repressed, marginalized or exploited persons. On the contrary, as she shows
emotions and power can be implicated in new forms of exclusion and segregation,
which may be produced when an exclusively psychological or therapeutic concep-
tion of emotions (via emotional intelligence or emotional literacy, for example)
becomes doxic, leading to the construction of spoiled identities, emotional win-
ners and losers. As these new social and emotional education programmes are
rolled out across the globe, more critical work, using the bifocals of emotions and
power, will be needed to challenge and problematize these processes.
In short, there is much more work to be done. I hope that the papers assembled
here will convince the reader of the utility and insight that may be gained from
approaching social and political issues with these bifocals on. These contributions
represent an explicit step in this direction.
To conclude I would, above all, like to thank my co-editor Helena Flam for her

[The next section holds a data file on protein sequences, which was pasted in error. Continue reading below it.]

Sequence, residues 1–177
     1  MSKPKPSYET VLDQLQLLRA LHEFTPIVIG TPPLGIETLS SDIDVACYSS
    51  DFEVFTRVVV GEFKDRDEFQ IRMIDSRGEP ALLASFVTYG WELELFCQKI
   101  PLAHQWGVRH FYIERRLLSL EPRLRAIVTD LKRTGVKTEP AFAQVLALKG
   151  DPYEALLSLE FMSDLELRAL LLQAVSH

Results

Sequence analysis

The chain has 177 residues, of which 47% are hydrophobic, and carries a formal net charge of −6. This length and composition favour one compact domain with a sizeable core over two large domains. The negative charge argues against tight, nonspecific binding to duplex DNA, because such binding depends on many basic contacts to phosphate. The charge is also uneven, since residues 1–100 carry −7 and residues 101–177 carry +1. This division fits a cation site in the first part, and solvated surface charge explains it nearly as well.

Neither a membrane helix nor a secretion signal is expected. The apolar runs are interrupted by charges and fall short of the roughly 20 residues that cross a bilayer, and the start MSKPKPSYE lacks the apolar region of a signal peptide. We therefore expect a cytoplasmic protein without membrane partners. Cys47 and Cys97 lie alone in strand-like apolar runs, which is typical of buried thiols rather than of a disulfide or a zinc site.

tireless and intensive work on this project. Her insight and efforts were invaluable
and the special issue would not be here without her. I would also like to thank the
authors for their contributions, for understanding our requests for revisions and
changes and the occasional delays in the reviewing process. I would nally like to
thank the anonymous reviewers, some of whom stepped in at short notice when
promised reviews did not materialize. They provided excellent feedback and advice
not only to authors assembled here, but to others whose contributions we could not
include. We would also like to thank Mark Haugaard, the main editor of the
Journal of Political Power, for letting us host this issue.

Notes on contributor
Jonathan G. Heaney is a doctoral candidate in the School of Political Science and Sociol-
ogy, NUI Galway. He has just submitted his PhD thesis, which examines human emotions
and social change in late modernity, and in the Republic of Ireland in particular, and is
awaiting execution. This project was funded by the Irish Research Council and supported
by the Social Science Research Centre, NUI Galway. He is a member of the European
Sociological Association Emotions Research Network (RN11) and the International Political
Science Association Research Committee (RC36) on Political Power.

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Jonathan G. Heaney
School of Political Science & Sociology, National University of Ireland
Galway, Ireland
jonathangheaney@gmail.com